Synthetic pot returns to Tucson

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TUCSON, Ariz. -- It didn't take long.  After the state banned synthetic marijuana, a quick change in the formula and its back on the shelves, legally.

K-2 and Spice are just two of the popular synthetic marijuana brands back on the market.

"It's pretty good.  It's not as good as weed, but for spending your money for something that's typically supposed to be like marijuana its all right.  It gives you more of a natural high," said Tucson resident Nic.

Last year the product was banned and Tucson police conducted searches at shops to make sure businesses were not selling it illegally.

"The DEA Drug Enforcement Administration temporarily banned five illegal substances found in the synthetic cannabinoid," said Lt. Rich Anemone from the Tucson Police Department.

Arizona State Representatives got involved and HB 2167 was introduced and signed into law earlier this year.

The measure added some of the substances found in synthetic marijuana to a dangerous drugs list.

"Compounds that are considered threatening or dangerous.  The problem that your describing is one that we anticipated," said State Representative from District 29 Matt Heinz.

State Rep Matt Heinz introduce the bill with several others. The problem he mentioned is that the fake pot is back with a different recipe. It's still potent, without using any banned substances.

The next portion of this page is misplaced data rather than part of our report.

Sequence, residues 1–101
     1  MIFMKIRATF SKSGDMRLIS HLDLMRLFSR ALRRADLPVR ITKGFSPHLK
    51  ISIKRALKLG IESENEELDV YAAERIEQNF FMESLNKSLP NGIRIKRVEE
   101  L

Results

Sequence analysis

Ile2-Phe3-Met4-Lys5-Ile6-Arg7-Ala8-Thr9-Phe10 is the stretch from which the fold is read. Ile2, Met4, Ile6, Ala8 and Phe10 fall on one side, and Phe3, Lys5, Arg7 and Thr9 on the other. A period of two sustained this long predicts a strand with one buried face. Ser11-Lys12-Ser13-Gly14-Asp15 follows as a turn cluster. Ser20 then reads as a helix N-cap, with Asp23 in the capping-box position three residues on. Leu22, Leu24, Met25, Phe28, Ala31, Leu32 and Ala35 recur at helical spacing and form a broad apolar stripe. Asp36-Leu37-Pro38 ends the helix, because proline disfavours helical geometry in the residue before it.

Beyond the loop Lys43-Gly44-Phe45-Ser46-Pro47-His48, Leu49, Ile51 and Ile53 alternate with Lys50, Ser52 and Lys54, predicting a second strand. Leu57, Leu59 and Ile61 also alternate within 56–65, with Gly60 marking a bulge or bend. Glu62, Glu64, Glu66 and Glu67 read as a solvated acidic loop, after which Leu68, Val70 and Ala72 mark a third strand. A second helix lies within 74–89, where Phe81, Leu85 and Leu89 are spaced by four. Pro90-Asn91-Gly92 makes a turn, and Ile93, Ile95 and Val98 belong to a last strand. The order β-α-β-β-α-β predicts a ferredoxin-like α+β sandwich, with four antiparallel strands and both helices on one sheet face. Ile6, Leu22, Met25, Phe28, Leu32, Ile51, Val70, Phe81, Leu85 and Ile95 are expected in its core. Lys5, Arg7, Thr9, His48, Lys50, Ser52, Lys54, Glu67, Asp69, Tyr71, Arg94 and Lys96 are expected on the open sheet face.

"Chemists, typically in Asia or Europe, actually can tweak the chemicals make it just chemically even differ from the ones we just banned this year," said Heinz.

Lawmakers and law enforcement say it will be an on going battle, because of the continued chemical changes.  They can't ban more common chemicals that could be found in something like in an aspirin bottle.

They feel the answer is to have parents talk to their kids about the dangers of the substance.

"I think what we have to look at is basically an awareness to the parents of kids that are buying these substances," said Lt. Anemone.

State Representative Heinz says they will consider updating the laws and looking at giving penalties to businesses that are marketing the substances.